Loss of $23 million
Laguna Pueblo went down a long and winding road in its unsuccessful attempt to buy the Isle of Capri riverboat casino in Lake Charles, La. – a journey that cost the tribe at least $23 million.
According to tribal records, the plan failed when pueblo sovereignty ran into Louisiana state requirements for background investigations of all individuals having control over a casino’s operations.
“It was an exhaustive process in preparing for licensure in Louisiana, and unfortunately we were not able to get to the finish line,” Sayre said.
Council members, who represent the 8,000 members of the pueblo, also sit as stockholder representatives of Laguna Development Corp. and vote on policy issues. The sticking point was that Louisiana regulators could have forced a Laguna Council member to resign from the council under certain circumstances based on background checks.
The pueblo argued that violated its sovereignty and was unnecessary because tribal law disqualified any council candidate convicted of a felony or a misdemeanor involving “moral turpitude.”
La. endeavor fails
In August 2016, Laguna Development Corp. signed a letter of agreement to purchase the Isle of Capri riverboat casino and later that year the Tribal Council approved financing for the purchase. It earmarked $42 million for the deal.
But there was a problem from the start when Louisiana regulators determined that every Tribal Council member would have to submit “suitability” applications that included criminal and financial histories.
If gaming authorities in Louisiana found any member “unsuitable,” that council member would have to be removed before the Louisiana Gaming Control Board would approve a casino license for any tribal subsidiary company.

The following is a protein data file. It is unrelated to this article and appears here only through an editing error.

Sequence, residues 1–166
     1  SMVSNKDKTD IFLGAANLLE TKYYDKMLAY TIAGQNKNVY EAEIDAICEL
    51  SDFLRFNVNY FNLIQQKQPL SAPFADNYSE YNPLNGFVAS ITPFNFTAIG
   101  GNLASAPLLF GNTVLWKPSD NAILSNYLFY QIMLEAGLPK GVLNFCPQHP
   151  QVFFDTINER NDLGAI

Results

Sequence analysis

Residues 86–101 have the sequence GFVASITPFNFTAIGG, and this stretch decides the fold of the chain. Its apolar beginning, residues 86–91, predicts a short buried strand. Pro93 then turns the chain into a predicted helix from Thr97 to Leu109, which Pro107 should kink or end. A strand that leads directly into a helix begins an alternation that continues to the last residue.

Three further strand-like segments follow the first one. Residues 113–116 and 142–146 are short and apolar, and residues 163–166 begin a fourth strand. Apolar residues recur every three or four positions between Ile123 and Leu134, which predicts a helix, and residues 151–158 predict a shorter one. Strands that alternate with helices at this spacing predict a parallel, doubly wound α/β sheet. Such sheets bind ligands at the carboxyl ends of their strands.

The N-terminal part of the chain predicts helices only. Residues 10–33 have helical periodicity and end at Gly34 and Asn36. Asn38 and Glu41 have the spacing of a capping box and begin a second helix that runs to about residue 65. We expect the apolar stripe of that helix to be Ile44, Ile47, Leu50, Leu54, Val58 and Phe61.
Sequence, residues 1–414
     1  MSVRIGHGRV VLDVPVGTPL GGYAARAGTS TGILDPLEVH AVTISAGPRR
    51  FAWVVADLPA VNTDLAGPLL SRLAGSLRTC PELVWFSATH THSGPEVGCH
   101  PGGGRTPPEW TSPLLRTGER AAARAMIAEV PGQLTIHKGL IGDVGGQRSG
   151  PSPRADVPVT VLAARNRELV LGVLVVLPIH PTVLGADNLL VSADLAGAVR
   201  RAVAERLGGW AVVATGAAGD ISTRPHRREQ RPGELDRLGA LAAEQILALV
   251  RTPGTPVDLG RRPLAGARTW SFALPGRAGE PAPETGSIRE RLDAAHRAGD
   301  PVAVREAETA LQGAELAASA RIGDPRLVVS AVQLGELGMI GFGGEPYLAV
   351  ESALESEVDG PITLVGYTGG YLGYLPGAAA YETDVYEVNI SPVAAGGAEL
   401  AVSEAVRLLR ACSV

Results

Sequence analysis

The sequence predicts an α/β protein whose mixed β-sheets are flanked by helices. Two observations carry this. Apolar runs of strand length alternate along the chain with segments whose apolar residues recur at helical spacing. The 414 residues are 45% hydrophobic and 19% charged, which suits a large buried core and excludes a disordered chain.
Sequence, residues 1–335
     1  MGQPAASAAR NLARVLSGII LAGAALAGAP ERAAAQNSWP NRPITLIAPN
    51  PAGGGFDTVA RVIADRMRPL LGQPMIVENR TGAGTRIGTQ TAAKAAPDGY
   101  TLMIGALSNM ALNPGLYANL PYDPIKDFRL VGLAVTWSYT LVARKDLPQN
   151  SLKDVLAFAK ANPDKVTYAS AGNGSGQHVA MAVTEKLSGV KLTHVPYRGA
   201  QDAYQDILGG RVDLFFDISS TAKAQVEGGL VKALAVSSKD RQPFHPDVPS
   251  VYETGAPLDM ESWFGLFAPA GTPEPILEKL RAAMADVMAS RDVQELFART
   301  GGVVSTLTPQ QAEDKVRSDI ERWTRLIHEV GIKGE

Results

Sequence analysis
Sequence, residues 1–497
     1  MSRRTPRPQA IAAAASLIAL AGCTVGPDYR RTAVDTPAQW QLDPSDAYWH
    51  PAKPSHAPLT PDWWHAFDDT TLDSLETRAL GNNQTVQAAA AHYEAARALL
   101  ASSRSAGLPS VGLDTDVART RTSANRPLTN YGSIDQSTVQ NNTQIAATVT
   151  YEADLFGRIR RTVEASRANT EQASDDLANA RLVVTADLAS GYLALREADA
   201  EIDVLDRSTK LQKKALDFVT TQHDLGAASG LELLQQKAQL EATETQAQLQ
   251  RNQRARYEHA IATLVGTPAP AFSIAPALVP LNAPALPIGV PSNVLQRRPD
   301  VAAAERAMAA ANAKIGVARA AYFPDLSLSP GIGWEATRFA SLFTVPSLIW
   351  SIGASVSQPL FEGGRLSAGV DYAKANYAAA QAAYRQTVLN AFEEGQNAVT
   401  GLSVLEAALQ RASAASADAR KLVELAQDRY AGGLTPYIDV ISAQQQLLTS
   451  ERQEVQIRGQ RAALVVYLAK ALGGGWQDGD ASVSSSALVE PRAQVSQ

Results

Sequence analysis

Tribal leaders decided to take the question of whether all council members should submit suitability applications to Louisiana regulators to a plebiscite of the six pueblo’s villages. They split three for and three against.
The Tribal Council then voted not to submit “suitability” applications for all members to the Louisiana Gaming Control Board and directed Laguna Development Co. to explore alternatives.
Pueblo Gov. Virgil Siow said in a letter to tribal members that agreeing to submit the applications would be “allowing Louisiana to dictate who may serve on Council.”
The development company came up with three options for restructuring the legal entity that would own the casino, but Louisiana gaming officials rejected them, according to Tribal Council minutes.
The parties went back and forth but couldn’t reach an agreement by the deadline to meet licensing requirements.
The Louisiana Gaming Control Board never had a public hearing on the Isle of Capri purchase, according to a spokeswoman, and the Louisiana Attorney General’s office didn’t respond to an email request for an interview.
Under terms of the original purchase agreement, the $20 million deposit was forfeited to the Isle of Capri Casino Hotel, Eldorado Resorts Inc., which had merged with the original owners while the sale was pending.
According to Laguna Tribal Council minutes in December 2017, the companies set up to make the purchase had spent an additional $3 million on legal fees and other costs.
Sayre said he didn’t believe Laguna Development’s proposal will face the same problem in New Mexico.
“In Louisiana two sovereign governments ultimately were not able to reach an agreement on licensing,” he said. “I don’t see that happening in New Mexico based on the structure we will be presenting.”